THE ISLANDS OF MANY DELIGHTS (PART 1)

‘To picture Kiribati, imagine that the continental U.S. were to conveniently disappear leaving only Baltimore and a vast swath of very blue ocean in its place. Now chop up Baltimore into thirty-three pieces, place a neighborhood were Maine used to be, another where California once was, and so on until you have thirty-three pieces of Baltimore dispersed in such a way so as to ensure that 32/33 of Baltimorians will never attend an Orioles game again. Now take away electricity, running water, toilets, television, restaurants, buildings, and airplanes (except for two very old prop planes, tended by people who have no word for “maintenance”). Replace with thatch. Flatten all land into a uniform two feet above sea level. Toy with islands by melting polar ice caps. Add palm trees. Sprinkle with hepatitis A, B, and C. Stir in dengue fever and intestinal parasites. Take away doctors. Isolate and bake at a constant temperature of 100 degrees Fahrenheit. The result is the Republic of Kiribati.’

J. Maarten Troost, ‘The Sex Lives of Cannibals: Adrift in the Equatorial Pacific’


‘Fongafale (pronounced “Fō-gah-fah-lay”) was the major islet of the capital island of Funafuti. It seemed extremely green from the air, with tin shed houses partially hidden by coconut palms one side of the short runway. As we straightened up for our descent I could see in the distance an array of romantic-looking islets in a large lagoon comprising the entirety of Funafuti. My briefing pack noted that here the population was 5,000 and rising, home of the nation’s parliament, High Court, the Princess Margaret Hospital, Tuvalu Maritime School, daytime secondary school, government offices, civil servants’ homes – and the office and home of the People’s Lawyer of Tuvalu.’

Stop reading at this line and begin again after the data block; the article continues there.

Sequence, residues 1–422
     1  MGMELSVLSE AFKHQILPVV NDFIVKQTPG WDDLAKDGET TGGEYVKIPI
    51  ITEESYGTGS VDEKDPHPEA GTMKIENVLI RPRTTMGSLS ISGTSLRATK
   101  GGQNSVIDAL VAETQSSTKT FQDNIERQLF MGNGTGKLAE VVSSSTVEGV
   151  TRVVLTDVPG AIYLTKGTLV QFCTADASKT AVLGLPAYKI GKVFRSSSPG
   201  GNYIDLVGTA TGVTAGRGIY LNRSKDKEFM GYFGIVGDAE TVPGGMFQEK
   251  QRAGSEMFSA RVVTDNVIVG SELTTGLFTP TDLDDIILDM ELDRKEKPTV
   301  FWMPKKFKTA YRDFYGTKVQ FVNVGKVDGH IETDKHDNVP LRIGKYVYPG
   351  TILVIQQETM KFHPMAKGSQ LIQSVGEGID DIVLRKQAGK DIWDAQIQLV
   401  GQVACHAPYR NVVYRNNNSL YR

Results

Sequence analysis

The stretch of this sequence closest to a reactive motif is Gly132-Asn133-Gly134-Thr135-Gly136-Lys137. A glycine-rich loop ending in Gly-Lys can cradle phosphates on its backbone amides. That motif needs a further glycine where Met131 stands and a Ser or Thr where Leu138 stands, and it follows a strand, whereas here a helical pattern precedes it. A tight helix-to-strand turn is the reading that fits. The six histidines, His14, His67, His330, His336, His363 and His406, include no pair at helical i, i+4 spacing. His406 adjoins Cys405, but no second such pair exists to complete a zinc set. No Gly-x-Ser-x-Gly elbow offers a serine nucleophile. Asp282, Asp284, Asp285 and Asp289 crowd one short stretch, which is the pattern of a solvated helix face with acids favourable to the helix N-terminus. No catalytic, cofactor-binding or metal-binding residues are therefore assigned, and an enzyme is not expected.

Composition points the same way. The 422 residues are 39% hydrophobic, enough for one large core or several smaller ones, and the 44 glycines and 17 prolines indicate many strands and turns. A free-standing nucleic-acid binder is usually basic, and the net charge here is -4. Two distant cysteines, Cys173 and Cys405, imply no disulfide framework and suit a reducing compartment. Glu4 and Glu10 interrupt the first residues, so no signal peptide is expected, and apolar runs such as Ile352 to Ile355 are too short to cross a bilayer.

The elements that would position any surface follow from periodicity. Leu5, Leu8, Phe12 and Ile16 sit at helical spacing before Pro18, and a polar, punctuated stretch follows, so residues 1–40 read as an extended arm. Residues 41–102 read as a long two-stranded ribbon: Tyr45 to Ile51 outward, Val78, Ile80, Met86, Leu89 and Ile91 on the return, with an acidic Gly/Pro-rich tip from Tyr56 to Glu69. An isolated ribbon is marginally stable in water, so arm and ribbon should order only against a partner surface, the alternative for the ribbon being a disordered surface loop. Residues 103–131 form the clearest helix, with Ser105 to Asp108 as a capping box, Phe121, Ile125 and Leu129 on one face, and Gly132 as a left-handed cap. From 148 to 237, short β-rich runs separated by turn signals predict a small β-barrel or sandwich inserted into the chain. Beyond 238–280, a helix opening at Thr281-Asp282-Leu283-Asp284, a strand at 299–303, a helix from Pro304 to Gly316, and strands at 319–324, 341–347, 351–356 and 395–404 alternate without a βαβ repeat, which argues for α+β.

Philip Ells, ‘Where the hell is Tuvalu?’


‘Fatu Hiva seems magical, a sort of Narnia in summer. We run up the valleys under the coconut and breadfruit trees, flowering plants everywhere. A tall waterfall an hour’s rocky climb up a goat track through old forest provides a shower and a shampoo. A boulder pool in the streambed serves as a first bath for weeks. The valley appears to have been cultivated from time to time since nature reclaimed it after nearly two thousand years of man, though no great effort is now made to gather fallen coconuts for copra. The hedges round a few paddocks are of hibiscus, grown for rope woven from its bark. The Fatu-Hivans pick for us lemons, bananas and pamplemousses, pomelo relations of grapefruit, perhaps the world’s most delicious citrus. The owner of the single tiny store asks for cartridges as barter for a chicken.’

Andrew Rayner, ‘Reach for Paradise’


‘I now understood on a visceral level why this region of the Pacific was called Micronesia, which means “small islands”. In the United States, there might well be parking lots bigger than Ujae. In the Marshalls, Ujae was unusually large at a third of a square mile. This was a country of 1,225 islands totaling only seventy square miles of land – it was Washington, DC, shattered into a thousand pieces over an area the size of Mexico. Ujae was five times larger than the average Marshallese islet, most of which were uninhabited.’

Peter Rudiak-Gould, ‘Surviving Paradise: One Year on a Disappearing Island’


‘My first impression of Tonga’s landscape, viewed through the bus’s smudged windows, was as dismal as Cook’s had been admiring. Pigs snuffled in the garbage that littered roadside fields. We passed graffiti-covered billboards for cigarettes, a vegetable stall named Prison Market, and a battered sign arcing over the road, emblazoned with the words “Long Live Your Majesty.” Sweeping under this arch, we entered downtown Nuku’alofa, the Tongan capital, which seemed at first glance a dreary expanse of ferroconcrete boxes.’

Tony Horwitz, ‘Blue Latitudes: Boldly Going Where Captain Cook Has Gone Before’

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